When I talk with AI entrepreneurs, I often ask, “How good does the AI need to be, to be useful in your application? What actually is the quality bar?”[1]Note that in this article, I use the word “quality” as synonymous with “accuracy”, as opposed to the more general usage of “quality” in software development, which can also include things … Continue reading I’m sorry to say that, more often not, the answer I hear isn’t very satisfying: “That’s a really good question; we should go and think about that.” But this “useful quality bar” question actually drives half of your product design, and is critical for the success or failure of your product.

We tend to think that AI will either work or won’t work, but it turns out that this isn’t a binary question. And the quality level as well as type of accuracy that you need for your use case (e.g. ability to tolerate a false negative better than a false positive) depends on your desired business outcome(s). By way of illustration, in an earlier post I talked about a model with high accuracy only in some cases—identifying certain types of normal mammograms—could save many hours of radiologist time. It’s not perfect, but it is of great value.

The accuracy requirement differs from one application to the next. Other AI applications like self-driving vehicles require greater than 99% accuracy in every situation. It is essential, then, to have a well-defined and measurable definition of quality for your business use case, and it should be equivalent to—or at least aligned with—the customer’s requirements and preferences. We call this quality definition the objective function for the system, and it defines how it will be evaluated and optimized, and how you know you’re ready to deploy.

Sometimes, it’s hard to know exactly how good is good enough. Several years ago, we were working with a diabetes glucose level prediction system, intended to give 60 minutes’ advance warning of a blood sugar problem. The idea was that it would be great to let parents of a diabetic child sleep instead of waking to react to alarms of problems that happened 15 minutes ago. We knew we could get to 82% accuracy, meaning our system’s predictions were within 9% plus or minus of the true glucose levels. That’s a pretty big swing. The question on the table then was, “Is this high enough accuracy for a parent to sleep soundly?”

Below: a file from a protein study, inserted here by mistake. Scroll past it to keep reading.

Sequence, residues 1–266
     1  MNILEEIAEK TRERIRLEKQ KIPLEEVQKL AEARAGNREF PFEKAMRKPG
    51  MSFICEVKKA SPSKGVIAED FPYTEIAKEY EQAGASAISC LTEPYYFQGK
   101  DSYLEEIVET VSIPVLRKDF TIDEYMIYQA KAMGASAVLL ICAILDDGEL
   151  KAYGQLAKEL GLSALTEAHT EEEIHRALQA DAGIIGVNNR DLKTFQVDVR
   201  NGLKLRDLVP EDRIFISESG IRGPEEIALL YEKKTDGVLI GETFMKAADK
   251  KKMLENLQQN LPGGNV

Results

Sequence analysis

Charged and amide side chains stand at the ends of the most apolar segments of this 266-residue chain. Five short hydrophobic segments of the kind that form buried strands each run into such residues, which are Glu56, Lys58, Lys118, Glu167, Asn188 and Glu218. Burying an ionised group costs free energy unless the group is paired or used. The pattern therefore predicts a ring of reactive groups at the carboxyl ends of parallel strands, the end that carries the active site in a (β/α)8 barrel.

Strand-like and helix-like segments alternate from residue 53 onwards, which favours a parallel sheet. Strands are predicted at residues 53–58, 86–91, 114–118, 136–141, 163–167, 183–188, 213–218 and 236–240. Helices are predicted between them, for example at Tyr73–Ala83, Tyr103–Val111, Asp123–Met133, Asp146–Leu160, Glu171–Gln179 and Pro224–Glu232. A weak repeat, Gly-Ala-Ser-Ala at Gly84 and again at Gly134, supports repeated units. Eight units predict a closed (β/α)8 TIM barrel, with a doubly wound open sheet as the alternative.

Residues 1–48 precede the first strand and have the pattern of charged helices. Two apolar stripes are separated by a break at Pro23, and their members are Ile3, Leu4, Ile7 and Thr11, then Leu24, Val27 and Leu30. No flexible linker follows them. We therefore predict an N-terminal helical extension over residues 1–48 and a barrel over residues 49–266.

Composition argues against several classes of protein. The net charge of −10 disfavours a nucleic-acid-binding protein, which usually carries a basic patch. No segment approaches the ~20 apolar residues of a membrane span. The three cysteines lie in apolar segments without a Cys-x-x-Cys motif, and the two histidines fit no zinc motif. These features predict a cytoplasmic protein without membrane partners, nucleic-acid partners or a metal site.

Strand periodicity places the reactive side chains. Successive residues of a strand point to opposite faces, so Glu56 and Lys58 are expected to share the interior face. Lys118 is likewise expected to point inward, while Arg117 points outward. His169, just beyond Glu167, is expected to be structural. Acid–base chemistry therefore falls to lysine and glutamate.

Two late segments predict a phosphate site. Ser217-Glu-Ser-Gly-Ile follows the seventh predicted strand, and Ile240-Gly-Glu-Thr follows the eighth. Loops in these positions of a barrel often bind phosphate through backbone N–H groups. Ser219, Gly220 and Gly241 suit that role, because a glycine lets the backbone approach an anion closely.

Here’s another example. We had a neat company for implementing a wearable calorie counter on your wrist, which in this time before fitbit and Apple Health Kit was a big deal, and an unsolved challenge. Of course, the question we asked was: “Well, how good does it need to be?”

And the AI team didn’t know. They said: “Well, the FDA says that as long as 80% of the time it’s within 20% of the right calorie number, it counts as a calorie counter.”

But if you think about it, that means that a consumer will eat a steak 20% of the time and it can say that it’s 100 calories; and a salad will say it’s a thousand calories. That kind of accuracy will implode any sense of customer trust: upon seeing this level of inaccuracy, this company could never succeed in the market. 

Measuring and reaching the quality bar

Once you decide what quality you need, the next question is: “How are you going to measure it?” Can you measure how good your system is today? How are you measuring it? Is it the right measurement?

If you haven’t yet reached your desired quality level yet, then ask, “How hard will it be to achieve the level of quality we need? What is our path to success?” Let’s assume, for instance, that your desired business outcomes require 95% accuracy. A typical machine learning path might get you to 70% accuracy in three weeks, and everyone feels great. But after you celebrate ML actually finding a pattern in your data, you are confronted with the 95% reality. And typically, you have no idea how much additional work, data, and tweaking is going to be required—or if it’s even possible—to get to that level of accuracy. Indeed, sometimes that last 15% of accuracy can cost 90% of your effort – this is often a nonlinear situation. Recent research shows that, for every x% improvement in performance requires the previous amount of computer power expended, to the power of nine. Says this article, “This ninth power means that to halve the error rate, you can expect to need more than 500 times the computational resources.”. So there’s either big uncertainty, or big known costs, in improving performance of many systems.